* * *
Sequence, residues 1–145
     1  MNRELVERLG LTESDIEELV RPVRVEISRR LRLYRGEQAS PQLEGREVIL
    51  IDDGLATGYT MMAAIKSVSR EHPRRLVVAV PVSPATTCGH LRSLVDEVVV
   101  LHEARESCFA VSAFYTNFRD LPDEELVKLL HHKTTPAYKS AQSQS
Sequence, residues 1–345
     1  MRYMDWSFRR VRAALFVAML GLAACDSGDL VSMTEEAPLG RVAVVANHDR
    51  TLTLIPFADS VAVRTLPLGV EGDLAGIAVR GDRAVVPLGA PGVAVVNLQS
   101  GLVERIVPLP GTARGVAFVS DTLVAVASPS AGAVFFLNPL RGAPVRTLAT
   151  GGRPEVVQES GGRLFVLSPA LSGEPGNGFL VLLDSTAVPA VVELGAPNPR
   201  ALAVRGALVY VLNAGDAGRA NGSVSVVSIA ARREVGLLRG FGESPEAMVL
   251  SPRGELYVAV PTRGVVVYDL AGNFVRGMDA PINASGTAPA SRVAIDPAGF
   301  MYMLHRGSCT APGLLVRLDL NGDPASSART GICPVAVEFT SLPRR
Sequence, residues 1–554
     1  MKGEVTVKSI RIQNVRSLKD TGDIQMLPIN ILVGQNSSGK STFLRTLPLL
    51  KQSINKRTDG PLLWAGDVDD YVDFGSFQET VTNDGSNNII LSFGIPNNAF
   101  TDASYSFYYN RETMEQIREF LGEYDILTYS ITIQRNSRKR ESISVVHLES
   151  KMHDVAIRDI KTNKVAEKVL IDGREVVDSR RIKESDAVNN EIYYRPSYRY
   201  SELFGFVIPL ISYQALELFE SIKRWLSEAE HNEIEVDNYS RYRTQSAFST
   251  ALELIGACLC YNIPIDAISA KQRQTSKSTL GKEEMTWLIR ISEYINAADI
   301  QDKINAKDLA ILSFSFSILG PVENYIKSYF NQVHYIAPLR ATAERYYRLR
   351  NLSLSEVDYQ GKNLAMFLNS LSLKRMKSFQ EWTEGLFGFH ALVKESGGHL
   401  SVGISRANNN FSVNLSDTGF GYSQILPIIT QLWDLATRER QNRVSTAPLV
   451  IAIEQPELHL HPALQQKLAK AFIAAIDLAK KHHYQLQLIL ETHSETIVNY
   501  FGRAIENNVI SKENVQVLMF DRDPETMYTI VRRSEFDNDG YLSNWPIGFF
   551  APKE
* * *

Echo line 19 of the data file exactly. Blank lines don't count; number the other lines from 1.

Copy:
   251  ALELIGACLC YNIPIDAISA KQRQTSKSTL GKEEMTWLIR ISEYINAADI